Because of the above standards, almost all high-power supplies claim to implement separate rails, however this claim is often false; many omit the necessary current-limit circuitry,[6] both for cost reasons and because it is an irritation to customers.[7] (The lack is sometimes advertised as a feature under names like "rail fusion" or "current sharing".)


More along the same lines here: Maximum PC | Single-rail versus multi-rail power supplies
My System SpecsSystem Spec
31 Jan 2012   #5
GeneO

Windows 10 Pro. EFI boot partition, full EFI boot
 
 

Quote   Quote: Originally Posted by N2Abyss View Post
Could someone please help me out here?
Listed are the specs for my Athena AP-MFATX35P8 350W Flex ATX Power Supply.

Output
Voltage +5V -5V +12V1 +12V2 -12V +3.3V +5V-SB
Current 15A 0.5A 11A 11A 0.8A 15A 3.0A

What I don't understand here is +12V1 (11A) and +12V2 (11A)?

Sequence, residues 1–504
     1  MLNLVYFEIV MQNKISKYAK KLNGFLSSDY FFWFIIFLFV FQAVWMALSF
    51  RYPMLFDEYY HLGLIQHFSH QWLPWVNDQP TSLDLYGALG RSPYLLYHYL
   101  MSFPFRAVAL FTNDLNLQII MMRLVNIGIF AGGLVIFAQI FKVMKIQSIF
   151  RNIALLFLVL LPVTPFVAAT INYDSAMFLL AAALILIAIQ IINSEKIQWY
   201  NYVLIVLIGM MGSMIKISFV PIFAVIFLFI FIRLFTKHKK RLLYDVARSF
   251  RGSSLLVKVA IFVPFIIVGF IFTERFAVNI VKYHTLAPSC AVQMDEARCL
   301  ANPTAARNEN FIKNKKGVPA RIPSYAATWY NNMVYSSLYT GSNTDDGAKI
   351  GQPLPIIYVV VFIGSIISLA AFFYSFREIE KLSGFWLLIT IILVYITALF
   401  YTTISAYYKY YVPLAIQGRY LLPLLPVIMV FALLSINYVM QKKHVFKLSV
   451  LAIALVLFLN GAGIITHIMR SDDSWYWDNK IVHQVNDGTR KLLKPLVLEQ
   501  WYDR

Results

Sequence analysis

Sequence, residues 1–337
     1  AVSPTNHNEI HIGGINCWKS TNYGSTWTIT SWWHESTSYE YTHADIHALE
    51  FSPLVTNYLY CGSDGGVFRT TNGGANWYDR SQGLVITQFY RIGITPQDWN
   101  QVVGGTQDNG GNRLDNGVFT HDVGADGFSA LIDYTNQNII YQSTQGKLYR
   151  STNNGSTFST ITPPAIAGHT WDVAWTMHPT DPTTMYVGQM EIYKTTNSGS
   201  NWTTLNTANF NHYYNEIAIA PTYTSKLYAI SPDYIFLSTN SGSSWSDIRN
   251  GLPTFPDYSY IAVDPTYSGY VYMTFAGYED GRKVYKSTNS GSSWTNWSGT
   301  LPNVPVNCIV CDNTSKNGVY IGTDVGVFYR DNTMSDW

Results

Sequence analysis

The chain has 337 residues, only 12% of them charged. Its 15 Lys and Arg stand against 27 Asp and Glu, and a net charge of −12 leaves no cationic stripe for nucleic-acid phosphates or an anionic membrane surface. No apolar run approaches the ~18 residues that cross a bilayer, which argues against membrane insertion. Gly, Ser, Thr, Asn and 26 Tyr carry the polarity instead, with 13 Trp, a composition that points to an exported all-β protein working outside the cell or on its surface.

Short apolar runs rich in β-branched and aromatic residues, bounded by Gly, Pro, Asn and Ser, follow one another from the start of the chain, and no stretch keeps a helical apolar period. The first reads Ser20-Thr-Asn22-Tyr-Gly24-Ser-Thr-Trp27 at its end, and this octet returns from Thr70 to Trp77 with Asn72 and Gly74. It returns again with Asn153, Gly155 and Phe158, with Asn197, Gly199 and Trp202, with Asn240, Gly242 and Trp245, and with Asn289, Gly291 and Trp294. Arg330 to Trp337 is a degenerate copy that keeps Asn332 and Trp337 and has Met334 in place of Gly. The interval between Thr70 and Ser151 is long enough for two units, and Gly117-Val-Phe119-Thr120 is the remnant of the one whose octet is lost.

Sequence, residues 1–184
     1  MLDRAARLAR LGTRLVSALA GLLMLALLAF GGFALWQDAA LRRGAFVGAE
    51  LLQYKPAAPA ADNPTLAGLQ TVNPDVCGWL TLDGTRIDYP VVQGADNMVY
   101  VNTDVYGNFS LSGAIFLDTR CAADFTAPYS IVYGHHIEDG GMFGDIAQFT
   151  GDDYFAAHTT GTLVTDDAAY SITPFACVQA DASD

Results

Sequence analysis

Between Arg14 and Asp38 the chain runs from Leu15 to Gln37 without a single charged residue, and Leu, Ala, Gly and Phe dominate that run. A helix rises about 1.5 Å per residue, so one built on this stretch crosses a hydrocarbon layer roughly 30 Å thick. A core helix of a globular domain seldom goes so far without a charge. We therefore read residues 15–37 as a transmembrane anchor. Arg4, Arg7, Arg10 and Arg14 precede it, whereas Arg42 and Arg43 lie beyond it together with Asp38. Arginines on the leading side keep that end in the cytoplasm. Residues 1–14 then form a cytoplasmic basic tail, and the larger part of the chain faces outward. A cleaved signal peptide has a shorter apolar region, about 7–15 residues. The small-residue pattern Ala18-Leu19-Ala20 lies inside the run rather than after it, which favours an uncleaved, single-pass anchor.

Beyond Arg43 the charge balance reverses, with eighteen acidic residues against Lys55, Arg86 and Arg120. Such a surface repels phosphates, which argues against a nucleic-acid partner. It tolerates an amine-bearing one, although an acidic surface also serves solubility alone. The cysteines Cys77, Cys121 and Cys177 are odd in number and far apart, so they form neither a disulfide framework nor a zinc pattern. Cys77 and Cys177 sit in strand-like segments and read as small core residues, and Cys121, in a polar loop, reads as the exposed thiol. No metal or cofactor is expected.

I asume each one is called or designated as a "12V Rail"?
If so which on powers the video card? or would one add both of these +12V values together and use a total?
Thanks
N2
The video card will be hooked up to only one of those rails via PCI unless you have an auxiliary PCI-E power connector on the card and from the PSU. So 11A is it mate.
My System SpecsSystem Spec
31 Jan 2012   #6
GeneO

Windows 10 Pro. EFI boot partition, full EFI boot
 
 

Quote   Quote: Originally Posted by N2Abyss View Post
Thanks ignatzatsonic, jonnyguru.com states the following, so I would tend to agree with you.

N2
  • Power Supplies With Multiple +12V Rails
    • Is it true that some PSU's that claim to be multiple +12V rails don't have the +12V rail split at all?
    • Yes, this is true. But it's the exception and not the norm. The power supply's label may reflect a +12V rail that is split into two, three or four, when in reality there is no additional components in place to limit how much current can be delivered to a connector.
No I don't think this is true. If a current model power supply has only one +12V rail supplying all of the power, it will say so. Power supply standards used to specify a limit to the current a single rail supplied, so maybe back then some manufacturers may have cheated, but that restriction has long been lifted from the standards.

oop, see TV already explained this,